Healthy Eating Habits

Libations such as beer, wine, and liquor have more calories than you might expect. Cutting back on your alcohol intake is not only good for your health overall, but also your waistline.

When filling your plate, make half of it vegetables, one quarter grains (preferably whole) and one quarter protein. Increasing your vegetable intake is one of the easiest ways to improve your eating habits.

Use whole wheat flour tortillas in place of white for wraps, burritos, and quesadillas—they have a wonderful flavor and will increase your whole grain intake.

Eat fish or seafood 1-2 times a week, and choose baked, steamed, grilled, or poached preparations over fried.

If you're new to cooking and eating lots of vegetables, it can be overwhelming for you to make changes. Try picking an unfamiliar vegetable once a month, and build a meal around it. Soon your repertoire will be vast!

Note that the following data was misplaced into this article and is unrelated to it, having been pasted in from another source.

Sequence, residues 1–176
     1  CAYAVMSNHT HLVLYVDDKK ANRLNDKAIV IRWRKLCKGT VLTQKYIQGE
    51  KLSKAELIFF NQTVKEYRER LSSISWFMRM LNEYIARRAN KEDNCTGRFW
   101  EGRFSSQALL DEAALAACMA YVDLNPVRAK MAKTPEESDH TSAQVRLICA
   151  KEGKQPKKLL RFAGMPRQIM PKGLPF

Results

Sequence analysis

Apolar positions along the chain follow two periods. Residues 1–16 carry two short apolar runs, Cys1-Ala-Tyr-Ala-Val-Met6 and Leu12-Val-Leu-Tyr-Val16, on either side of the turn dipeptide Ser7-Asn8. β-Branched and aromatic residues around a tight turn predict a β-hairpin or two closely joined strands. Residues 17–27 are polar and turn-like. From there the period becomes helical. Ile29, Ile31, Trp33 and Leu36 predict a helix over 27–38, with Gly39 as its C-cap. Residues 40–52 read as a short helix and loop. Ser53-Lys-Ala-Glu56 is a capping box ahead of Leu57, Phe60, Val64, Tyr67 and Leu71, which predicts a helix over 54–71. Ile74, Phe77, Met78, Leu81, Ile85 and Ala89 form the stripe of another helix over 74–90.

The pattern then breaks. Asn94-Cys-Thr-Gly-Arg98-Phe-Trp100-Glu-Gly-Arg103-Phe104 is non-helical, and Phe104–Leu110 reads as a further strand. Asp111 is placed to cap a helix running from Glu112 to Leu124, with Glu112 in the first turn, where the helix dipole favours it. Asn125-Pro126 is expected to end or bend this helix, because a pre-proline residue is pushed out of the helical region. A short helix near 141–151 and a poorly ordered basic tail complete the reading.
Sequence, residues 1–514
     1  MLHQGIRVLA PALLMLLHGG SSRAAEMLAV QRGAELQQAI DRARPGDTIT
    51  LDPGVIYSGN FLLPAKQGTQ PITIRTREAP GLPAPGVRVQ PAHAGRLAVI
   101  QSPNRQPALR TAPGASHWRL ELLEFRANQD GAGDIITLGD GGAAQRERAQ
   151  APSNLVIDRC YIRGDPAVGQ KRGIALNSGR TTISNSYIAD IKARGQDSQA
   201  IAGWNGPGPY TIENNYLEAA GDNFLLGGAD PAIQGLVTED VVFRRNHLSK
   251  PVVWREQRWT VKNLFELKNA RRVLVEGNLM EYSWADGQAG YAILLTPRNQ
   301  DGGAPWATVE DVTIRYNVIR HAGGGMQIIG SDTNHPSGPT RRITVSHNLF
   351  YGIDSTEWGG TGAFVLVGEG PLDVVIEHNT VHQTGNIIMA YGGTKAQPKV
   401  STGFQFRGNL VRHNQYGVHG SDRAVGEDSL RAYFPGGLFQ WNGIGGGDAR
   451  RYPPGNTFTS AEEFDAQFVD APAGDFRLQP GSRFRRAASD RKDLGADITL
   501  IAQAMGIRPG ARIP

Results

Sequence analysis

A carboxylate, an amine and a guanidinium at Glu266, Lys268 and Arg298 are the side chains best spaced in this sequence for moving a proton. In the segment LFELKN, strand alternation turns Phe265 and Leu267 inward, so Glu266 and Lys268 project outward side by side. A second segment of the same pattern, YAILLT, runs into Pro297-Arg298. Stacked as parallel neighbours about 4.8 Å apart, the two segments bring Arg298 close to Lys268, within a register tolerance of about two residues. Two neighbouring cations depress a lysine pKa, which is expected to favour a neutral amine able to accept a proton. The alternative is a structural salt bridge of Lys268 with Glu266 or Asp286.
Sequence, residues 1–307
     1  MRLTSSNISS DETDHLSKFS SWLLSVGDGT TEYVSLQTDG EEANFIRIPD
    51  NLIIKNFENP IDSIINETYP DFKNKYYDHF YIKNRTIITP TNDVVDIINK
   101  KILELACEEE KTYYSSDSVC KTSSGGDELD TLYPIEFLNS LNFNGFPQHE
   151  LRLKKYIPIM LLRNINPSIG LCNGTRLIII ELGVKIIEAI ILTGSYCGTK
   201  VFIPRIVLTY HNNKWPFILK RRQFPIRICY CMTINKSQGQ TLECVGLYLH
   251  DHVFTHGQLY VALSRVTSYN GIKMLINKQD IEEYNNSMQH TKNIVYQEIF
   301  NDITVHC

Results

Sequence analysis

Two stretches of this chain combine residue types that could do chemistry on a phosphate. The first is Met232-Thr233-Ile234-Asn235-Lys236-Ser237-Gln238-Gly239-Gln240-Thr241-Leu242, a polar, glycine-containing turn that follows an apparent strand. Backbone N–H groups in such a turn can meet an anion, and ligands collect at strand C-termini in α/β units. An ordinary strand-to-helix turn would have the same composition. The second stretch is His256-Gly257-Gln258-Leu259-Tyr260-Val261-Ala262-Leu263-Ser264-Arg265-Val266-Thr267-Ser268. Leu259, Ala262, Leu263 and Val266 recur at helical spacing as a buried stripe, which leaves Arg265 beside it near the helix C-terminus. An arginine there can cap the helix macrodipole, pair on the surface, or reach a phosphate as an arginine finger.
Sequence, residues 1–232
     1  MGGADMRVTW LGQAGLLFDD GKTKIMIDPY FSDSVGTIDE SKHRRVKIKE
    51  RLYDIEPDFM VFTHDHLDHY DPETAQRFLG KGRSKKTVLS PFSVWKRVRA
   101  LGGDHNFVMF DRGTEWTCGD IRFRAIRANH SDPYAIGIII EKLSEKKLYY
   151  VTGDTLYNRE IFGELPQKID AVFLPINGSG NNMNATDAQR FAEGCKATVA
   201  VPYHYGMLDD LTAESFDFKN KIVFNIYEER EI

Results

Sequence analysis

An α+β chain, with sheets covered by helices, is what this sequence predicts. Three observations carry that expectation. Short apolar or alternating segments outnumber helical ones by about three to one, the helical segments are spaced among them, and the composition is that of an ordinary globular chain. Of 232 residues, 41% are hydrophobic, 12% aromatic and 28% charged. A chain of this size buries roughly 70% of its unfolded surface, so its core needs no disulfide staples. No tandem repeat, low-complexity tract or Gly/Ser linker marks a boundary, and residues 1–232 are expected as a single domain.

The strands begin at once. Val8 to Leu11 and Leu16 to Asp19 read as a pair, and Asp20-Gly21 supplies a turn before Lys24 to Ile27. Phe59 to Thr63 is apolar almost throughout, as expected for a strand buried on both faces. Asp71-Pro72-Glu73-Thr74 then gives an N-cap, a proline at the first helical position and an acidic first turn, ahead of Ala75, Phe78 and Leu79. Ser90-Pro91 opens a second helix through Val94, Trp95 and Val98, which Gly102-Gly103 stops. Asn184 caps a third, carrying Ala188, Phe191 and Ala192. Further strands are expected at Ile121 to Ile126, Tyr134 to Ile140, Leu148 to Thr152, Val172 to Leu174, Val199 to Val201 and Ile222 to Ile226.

Choose "natural" brands of nut butters when shopping. They don't have the added sugar and hydrogenated oils that "regular" versions do. In fact, peanut oil has a similar effect of lowering "bad" LDL cholesterol as olive oil does.

Most deli meats are loaded with sodium, and some have other additives. Opt for lower-salt versions, naturally processed versions, or make that sandwich filling a "sometimes" option.

Load up your baked potatoes, eggs, soups, and beans with fresh or jarred salsa. It's a great way to add flavor and lots of extra veggies.

Munch on mucho berries in the summer months when they are freshest and most inexpensive. Freeze batches for use in baking and smoothie-making in the winter months.

When making smoothies with fruit, yogurt, and milk (dairy, soy, or rice), throw in a double handful of spinach to get veggies into one more meal. Don't let the odd color throw you off—you'll be suprised at how good it tastes!

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Healthy Eating Habits